Command line tool

New in version 0.10.

Scrapy is controlled through the scrapy command-line tool, to be referred here as the “Scrapy tool” to differentiate it from their sub-commands which we just call “commands”, or “Scrapy commands”.

The Scrapy tool provides several commands, for multiple purposes, and each one accepts a different set of arguments and options.

Using the scrapy tool

You can start by running the Scrapy tool with no arguments and it will print some usage help and the available commands:

Scrapy X.Y - no active project

Usage:
  scrapy <command> [options] [args]

Available commands:
  crawl         Start crawling a spider or URL
  fetch         Fetch a URL using the Scrapy downloader
[...]

The first line will print the currently active project, if you’re inside a Scrapy project. In this, it was run from outside a project. If run from inside a project it would have printed something like this:

Scrapy X.Y - project: myproject

Usage:
  scrapy <command> [options] [args]

[...]

Creating projects

The first thing you typically do with the scrapy tool is create your Scrapy project:

scrapy startproject myproject

That will create a Scrapy project under the myproject directory.

Next, you go inside the new project directory:

cd myproject

And you’re ready to use use the scrapy command to manage and control your project from there.

Controlling projects

You use the scrapy tool from inside your projects to control and manage them.

For example, to create a new spider:

scrapy genspider mydomain mydomain.com

Some Scrapy commands (like crawl) must be run from inside a Scrapy project. See the commands reference below for more information on which commands must be run from inside projects, and which not.

Also keep in mind that some commands may have slightly different behaviours when running them from inside projects. For example, the fetch command will use spider-overridden behaviours (such as custom user_agent attribute) if the url being fetched is associated with some specific spider. This is intentional, as the fetch command is meant to be used to check how spiders are downloading pages.

Available tool commands

This section contains a list of the available built-in commands with a description and some usage examples. Remember you can always get more info about each command by running:

scrapy <command> -h

And you can see all available commands with:

scrapy -h

There are two kinds of commands, those that only work from inside a Scrapy project (Project-specific commands) and those that also work without an active Scrapy project (Global commands), though they may behave slightly different when running from inside a project (as they would use the project overriden settings).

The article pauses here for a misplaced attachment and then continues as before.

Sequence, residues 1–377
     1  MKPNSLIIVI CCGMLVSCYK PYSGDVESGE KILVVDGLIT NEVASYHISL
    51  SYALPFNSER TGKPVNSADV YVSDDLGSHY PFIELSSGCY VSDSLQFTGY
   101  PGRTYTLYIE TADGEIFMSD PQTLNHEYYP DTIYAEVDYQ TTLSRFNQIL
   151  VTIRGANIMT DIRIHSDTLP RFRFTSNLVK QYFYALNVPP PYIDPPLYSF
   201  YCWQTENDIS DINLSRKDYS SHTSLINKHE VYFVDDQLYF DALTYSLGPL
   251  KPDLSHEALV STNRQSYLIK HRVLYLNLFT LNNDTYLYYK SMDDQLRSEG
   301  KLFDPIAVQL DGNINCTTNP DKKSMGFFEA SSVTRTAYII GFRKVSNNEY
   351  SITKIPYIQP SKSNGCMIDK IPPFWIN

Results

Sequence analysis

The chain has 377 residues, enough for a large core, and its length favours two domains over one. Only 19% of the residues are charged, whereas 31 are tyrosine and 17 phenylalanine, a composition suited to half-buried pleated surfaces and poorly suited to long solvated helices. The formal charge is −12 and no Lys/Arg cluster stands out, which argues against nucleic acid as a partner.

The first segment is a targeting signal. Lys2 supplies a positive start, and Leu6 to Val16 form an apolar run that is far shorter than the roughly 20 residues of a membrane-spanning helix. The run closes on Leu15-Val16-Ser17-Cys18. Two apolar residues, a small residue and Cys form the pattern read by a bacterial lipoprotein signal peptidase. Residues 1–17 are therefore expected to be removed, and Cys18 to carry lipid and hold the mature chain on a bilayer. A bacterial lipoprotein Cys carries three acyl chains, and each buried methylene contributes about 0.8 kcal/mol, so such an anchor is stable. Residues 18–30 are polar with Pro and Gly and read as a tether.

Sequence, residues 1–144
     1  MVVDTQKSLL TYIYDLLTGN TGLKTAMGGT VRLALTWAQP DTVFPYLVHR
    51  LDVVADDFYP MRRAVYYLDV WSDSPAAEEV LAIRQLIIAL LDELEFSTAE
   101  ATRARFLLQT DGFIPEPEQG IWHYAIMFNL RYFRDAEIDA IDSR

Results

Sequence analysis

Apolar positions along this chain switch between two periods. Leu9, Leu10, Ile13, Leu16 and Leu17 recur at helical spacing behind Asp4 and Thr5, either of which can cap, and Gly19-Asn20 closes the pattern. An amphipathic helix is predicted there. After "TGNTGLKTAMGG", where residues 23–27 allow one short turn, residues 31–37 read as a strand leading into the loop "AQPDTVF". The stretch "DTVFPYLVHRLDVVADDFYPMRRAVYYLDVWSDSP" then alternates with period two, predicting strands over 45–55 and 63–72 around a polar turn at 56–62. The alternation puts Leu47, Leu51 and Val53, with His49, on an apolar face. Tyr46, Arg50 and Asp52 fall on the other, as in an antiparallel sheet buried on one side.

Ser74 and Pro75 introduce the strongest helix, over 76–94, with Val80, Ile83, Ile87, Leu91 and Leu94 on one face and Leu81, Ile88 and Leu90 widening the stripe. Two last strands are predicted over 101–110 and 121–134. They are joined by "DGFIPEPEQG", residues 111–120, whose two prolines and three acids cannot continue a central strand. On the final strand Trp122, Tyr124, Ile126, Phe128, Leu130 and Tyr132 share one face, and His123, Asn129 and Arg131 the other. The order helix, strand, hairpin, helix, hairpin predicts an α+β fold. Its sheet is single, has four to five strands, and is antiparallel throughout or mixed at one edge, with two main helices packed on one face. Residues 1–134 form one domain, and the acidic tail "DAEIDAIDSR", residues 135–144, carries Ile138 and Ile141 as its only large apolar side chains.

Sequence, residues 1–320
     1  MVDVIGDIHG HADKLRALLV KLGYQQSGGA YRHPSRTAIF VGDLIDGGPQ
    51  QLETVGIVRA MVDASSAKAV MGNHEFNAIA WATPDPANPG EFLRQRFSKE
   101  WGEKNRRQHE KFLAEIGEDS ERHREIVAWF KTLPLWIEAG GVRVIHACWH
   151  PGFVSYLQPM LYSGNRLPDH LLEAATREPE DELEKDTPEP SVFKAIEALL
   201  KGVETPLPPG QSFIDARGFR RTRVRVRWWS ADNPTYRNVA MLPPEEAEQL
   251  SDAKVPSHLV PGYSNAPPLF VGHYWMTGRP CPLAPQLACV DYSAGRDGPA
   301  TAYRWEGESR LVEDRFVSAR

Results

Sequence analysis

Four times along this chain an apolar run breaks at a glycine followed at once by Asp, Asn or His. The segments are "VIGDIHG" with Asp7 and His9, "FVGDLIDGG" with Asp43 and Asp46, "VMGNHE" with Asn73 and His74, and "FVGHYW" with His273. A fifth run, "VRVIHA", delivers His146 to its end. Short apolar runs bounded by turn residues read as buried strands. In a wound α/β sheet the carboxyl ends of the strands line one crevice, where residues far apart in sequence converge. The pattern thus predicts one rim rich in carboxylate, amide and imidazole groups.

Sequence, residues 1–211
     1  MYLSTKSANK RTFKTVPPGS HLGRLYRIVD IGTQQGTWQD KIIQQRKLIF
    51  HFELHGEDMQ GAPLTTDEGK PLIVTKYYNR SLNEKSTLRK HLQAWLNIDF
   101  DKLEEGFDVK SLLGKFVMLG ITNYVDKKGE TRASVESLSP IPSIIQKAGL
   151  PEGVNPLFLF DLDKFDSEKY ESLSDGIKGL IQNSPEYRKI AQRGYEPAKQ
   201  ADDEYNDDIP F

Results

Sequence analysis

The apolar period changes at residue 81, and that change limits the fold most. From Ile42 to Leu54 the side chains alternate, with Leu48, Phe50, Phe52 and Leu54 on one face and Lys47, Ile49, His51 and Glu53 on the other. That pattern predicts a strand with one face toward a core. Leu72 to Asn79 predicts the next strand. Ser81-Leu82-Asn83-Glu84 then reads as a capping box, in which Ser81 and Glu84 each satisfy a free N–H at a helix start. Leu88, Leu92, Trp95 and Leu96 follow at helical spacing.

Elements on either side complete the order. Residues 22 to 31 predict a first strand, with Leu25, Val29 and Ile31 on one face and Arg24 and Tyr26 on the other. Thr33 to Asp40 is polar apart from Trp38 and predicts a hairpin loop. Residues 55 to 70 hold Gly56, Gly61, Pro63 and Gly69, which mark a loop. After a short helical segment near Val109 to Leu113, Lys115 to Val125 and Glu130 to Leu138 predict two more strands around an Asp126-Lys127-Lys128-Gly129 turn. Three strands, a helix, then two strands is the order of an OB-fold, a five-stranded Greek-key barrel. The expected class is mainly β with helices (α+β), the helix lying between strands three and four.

Global commands:

Project-only commands:

startproject

  • Syntax: scrapy startproject <project_name>
  • Requires project: no

Creates a new Scrapy project named project_name, under the project_name directory.

Usage example:

$ scrapy startproject myproject

genspider

  • Syntax: scrapy genspider [-t template] <name> <domain>
  • Requires project: yes

Create a new spider in the current project.

This is just a convenient shortcut command for creating spiders based on pre-defined templates, but certainly not the only way to create spiders. You can just create the spider source code files yourself, instead of using this command.

Usage example:

$ scrapy genspider -l
Available templates:
  basic
  crawl
  csvfeed
  xmlfeed

$ scrapy genspider -d basic
from scrapy.spider import BaseSpider

class $classname(BaseSpider):
    name = "$name"
    allowed_domains = ["$domain"]
    start_urls = (
        'http://www.$domain/',
        )

    def parse(self, response):
        pass

$ scrapy genspider -t basic example example.com
Created spider 'example' using template 'basic' in module:
  mybot.spiders.example

crawl

  • Syntax: scrapy crawl <spider|url>
  • Requires project: yes

Start crawling a spider. If a URL is passed instead of a spider, it will start from that URL instead of the spider start urls.

Usage examples:

$ scrapy crawl example.com
[ ... example.com spider starts crawling ... ]

$ scrapy crawl myspider
[ ... myspider starts crawling ... ]

$ scrapy crawl http://example.com/some/page.html
[ ... spider that handles example.com starts crawling from that url ... ]

runserver

  • Syntax: scrapy runserver
  • Requires project: yes

Start Scrapy in server mode, which can be controlled by the queue command.

Usage example:

$ scrapy runserver
[ ... scrapy starts and stays idle waiting for spiders to get scheduled ... ]